No rise in devolved income tax rate, says Carwyn Jones
First Minister Carwyn Jones has ruled out raising the Welsh element of income tax when it is devolved, despite UK Labour saying higher earners will pay more if it wins the general election.
The shadow chancellor has said those on over £80,000 a year would pay "a modest bit more" to fund public services.
Income tax in Wales could be varied by 10p within each tax band from 2019.
Labour pledged in the 2016 assembly election campaign not to raise income tax in the current assembly term.
During First Minister's Questions on Tuesday, the leader of the UKIP group at the assembly, Neil Hamilton said: "The Labour Party nationally is apparently going to stand on a policy of increasing the top rate of income tax from 45p to 50p."
Mr Jones said he would stand on a platform of ensuring that those who can afford to pay a little bit more do so in order to ensure that we have the public services that people expect.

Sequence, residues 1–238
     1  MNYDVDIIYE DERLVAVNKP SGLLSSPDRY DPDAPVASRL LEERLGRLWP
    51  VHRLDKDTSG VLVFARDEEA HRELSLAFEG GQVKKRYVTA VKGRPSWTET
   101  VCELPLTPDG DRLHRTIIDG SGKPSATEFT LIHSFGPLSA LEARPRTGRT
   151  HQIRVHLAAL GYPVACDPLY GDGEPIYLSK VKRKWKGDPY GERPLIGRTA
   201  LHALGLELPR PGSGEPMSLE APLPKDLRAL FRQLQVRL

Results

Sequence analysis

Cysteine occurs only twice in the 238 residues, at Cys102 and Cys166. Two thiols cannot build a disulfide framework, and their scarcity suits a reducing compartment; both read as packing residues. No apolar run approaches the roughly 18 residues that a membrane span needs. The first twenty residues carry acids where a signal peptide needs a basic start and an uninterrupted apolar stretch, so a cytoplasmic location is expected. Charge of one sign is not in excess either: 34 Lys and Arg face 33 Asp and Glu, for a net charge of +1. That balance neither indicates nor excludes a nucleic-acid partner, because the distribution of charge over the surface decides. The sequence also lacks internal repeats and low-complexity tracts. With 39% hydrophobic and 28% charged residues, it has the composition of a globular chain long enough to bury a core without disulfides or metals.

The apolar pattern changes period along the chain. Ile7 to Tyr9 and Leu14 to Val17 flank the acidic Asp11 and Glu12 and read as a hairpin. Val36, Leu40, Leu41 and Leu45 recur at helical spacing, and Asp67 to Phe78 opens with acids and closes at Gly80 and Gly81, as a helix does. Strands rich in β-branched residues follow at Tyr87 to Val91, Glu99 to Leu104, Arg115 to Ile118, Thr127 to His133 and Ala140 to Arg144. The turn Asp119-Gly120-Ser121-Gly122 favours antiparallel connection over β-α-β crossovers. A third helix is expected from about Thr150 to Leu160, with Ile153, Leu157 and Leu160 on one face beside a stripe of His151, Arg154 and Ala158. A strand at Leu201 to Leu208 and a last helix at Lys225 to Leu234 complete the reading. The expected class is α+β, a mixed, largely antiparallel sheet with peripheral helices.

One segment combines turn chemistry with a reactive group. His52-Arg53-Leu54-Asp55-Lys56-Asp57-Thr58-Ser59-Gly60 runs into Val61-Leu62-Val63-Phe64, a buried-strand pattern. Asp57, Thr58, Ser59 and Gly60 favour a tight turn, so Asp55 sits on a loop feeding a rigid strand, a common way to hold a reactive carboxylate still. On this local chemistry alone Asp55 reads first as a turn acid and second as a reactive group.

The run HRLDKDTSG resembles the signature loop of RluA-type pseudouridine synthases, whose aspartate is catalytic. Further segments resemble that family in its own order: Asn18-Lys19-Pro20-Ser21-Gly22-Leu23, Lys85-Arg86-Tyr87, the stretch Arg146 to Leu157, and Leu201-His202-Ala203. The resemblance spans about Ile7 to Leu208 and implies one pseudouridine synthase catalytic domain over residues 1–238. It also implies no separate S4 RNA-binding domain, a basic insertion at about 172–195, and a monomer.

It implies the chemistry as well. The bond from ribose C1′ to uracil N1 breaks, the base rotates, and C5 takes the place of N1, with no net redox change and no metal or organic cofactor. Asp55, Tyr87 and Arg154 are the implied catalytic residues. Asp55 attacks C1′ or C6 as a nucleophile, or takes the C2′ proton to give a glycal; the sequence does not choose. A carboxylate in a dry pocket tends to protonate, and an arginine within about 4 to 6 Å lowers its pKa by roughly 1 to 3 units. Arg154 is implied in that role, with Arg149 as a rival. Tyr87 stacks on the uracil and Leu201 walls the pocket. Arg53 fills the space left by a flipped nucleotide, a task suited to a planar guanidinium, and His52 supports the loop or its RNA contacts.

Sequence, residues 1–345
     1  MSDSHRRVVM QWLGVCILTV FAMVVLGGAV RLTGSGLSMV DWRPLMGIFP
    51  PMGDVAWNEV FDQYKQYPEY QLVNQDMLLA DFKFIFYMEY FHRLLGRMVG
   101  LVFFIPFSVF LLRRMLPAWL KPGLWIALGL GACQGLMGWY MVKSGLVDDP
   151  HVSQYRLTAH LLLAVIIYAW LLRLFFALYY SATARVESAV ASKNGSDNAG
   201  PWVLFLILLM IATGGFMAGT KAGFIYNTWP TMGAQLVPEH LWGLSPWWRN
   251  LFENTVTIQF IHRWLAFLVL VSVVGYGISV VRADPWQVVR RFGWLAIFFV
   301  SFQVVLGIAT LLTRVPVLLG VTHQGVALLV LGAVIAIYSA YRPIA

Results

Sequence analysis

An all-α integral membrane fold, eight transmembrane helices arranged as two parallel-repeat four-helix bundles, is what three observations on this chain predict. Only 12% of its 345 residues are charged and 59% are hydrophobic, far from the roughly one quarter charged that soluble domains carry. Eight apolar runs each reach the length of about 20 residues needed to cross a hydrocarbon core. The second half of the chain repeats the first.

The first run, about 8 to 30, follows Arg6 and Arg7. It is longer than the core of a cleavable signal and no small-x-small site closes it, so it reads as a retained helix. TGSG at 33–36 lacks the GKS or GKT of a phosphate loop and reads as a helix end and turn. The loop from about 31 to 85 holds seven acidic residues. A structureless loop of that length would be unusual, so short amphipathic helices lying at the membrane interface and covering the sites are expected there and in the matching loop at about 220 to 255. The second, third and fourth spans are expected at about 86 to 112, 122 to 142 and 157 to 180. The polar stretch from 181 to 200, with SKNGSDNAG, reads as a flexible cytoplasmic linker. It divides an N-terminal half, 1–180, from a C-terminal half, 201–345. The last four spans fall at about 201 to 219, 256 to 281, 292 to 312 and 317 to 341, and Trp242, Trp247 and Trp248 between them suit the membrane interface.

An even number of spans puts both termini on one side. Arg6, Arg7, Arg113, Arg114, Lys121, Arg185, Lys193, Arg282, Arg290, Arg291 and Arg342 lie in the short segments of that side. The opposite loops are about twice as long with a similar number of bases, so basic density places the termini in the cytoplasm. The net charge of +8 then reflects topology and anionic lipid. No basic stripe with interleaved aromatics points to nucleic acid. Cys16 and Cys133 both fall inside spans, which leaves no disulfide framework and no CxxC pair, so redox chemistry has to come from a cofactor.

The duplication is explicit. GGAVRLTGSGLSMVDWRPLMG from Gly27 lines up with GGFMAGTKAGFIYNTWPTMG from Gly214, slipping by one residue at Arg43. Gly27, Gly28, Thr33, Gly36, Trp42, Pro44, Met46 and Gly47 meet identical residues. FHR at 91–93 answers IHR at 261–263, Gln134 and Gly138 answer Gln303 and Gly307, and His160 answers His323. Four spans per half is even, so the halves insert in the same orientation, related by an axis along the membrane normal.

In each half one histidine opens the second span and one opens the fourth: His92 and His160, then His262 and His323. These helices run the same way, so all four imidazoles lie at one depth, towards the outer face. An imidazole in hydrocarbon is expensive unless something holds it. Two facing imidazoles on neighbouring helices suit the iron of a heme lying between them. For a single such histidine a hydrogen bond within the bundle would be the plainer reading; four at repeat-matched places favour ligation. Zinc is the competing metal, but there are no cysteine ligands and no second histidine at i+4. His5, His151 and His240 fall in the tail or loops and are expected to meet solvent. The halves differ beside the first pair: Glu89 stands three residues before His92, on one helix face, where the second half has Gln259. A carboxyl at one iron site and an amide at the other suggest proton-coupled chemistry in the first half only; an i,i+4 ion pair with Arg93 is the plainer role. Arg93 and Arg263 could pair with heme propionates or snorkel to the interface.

Mr Hamilton then said: "I take it from that response that it is now the policy of the Welsh Government when tax powers are devolved to this assembly to follow the Labour Party's manifesto nationally of increasing the top rate of tax in Wales.
"Because the evidence from the last time this happened in 2013 was that reducing the tax rate from 50p to 45p led to an enormous increase in revenue of about £8bn."
The first minister replied: "As far as the Welsh rate of income tax is concerned we've already pledged that we will not increase the rate of income tax during the course of this assembly."
Plaid Cymru has said it would look at the possibility of a ring-fenced tax rise to pay for health and social care when a Welsh rate is devolved.
The Welsh Conservatives have called for cuts to the higher and basic rate, the Liberal Democrats have also proposed cutting the basic rate once the power passes to Wales
Tax devolution will give Welsh ministers powers over about 20% of the money they receive to spend on public services.
But most of their budget - currently around £15bn a year - will continue to come from an annual block grant from the UK Treasury.